Patients who are unable to undergo heart-valve surgery will have better access to an alternative, following the listing of TAVI on the Medicare Benefits Schedule.
From November 1, Medicare rebates will be available for Transcatheter Aortic Valve Implantation (TAVI) for patients with symptomatic with severe aortic stenosis deemed high-risk for surgical aortic valve replacement or inoperable.
Earlier this year, the idea for MBS-listing triggered controversy after surgeons opposed the proposed model in which either an interventional cardiologist or a cardiothoracic surgeon was funded as the principle operator arguing it was unsafe for patients.
Related news: Cardiothoracic surgeons boycott TAVI funding model
This model was ultimately approved – however the limbic understands new policies – including accreditation requirements for doctors and hospitals offering TAVI – have been put in place to address the Australian and New Zealand Society of Cardiac and Thoracic Surgeons’ concerns.
Professor Raviny Bhindi, an interventional cardiologist at Royal North Shore Hospital in Sydney, said the MBS listing will improve patient access to the procedure.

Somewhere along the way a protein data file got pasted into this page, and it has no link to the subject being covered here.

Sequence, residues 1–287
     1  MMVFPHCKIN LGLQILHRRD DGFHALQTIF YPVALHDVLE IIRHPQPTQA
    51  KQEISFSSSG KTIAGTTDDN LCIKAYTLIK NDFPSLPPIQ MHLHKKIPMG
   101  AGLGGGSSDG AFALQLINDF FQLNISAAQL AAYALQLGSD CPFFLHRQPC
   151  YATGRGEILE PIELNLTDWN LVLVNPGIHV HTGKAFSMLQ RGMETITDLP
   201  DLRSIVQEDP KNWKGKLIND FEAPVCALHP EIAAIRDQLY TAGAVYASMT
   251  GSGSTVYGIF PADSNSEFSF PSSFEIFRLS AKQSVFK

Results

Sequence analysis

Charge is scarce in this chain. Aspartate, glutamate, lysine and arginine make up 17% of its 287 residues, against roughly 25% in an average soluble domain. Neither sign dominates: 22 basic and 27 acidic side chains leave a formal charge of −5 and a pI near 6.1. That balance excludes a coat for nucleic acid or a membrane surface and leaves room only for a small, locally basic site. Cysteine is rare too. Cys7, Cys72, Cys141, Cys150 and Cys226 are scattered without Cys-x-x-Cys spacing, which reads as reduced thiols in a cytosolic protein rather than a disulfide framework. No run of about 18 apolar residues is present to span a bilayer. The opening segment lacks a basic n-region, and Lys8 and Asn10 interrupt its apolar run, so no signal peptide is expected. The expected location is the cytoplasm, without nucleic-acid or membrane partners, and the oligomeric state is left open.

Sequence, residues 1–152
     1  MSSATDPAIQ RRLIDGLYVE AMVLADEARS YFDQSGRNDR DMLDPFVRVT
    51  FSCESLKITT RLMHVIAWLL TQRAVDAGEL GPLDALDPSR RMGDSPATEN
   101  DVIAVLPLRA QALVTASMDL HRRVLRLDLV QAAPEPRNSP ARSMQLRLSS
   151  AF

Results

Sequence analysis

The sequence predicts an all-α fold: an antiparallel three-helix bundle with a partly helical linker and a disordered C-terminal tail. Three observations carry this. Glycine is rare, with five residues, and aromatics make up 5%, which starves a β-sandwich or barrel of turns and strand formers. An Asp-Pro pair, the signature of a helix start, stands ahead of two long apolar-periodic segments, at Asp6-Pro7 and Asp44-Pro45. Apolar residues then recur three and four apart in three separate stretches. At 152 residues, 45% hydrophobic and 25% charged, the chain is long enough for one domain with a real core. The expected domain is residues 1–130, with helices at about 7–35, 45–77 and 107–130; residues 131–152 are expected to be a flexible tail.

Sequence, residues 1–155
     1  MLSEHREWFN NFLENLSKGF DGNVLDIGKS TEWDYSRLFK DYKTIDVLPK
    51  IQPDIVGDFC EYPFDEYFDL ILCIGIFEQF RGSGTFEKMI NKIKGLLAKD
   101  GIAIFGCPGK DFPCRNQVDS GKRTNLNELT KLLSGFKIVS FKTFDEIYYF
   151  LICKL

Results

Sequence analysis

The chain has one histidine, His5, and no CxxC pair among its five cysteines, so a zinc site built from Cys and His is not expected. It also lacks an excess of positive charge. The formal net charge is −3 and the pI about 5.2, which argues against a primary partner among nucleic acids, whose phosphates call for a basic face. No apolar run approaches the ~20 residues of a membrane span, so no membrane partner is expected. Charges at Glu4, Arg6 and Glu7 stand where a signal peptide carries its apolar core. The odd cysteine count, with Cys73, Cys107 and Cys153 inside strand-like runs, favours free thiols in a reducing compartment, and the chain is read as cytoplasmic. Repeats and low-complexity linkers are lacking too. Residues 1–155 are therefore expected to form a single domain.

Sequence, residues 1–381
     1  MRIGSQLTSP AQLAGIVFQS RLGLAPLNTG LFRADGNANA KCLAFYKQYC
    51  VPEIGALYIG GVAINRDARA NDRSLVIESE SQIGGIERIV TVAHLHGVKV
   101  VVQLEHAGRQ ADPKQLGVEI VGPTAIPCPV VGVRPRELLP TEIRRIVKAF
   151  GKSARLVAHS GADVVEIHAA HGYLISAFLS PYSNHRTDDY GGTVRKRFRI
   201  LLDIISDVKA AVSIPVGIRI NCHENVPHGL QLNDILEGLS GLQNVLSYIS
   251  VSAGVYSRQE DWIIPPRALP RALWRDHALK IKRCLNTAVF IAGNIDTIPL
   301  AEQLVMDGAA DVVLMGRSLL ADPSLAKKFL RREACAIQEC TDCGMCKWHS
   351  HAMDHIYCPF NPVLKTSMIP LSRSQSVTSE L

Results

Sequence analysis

“This is an important therapy for these high-risk patients who would undergo open heart surgery at a high risk of complications or patients being deflected and getting no treatment.”
A second new listing will mean MBS subsidies from this month for percutaneous insertion of a left atrial appendage closure device to occlude the left atrial appendage in patients with non-valvular atrial fibrillation.
The procedure for stroke prevention will be subsidised for patients who can’t take long-term anticoagulants due to high risk of bleeding, said Professor Bhindi.
“It is particularly exciting for those such individuals who are younger who would ordinarily be exposed to the long-term risks of blood thinners.
“If you were at high risk of bleeding in the brain or GI system or you have bled before then this device could offer a reduction in that setting.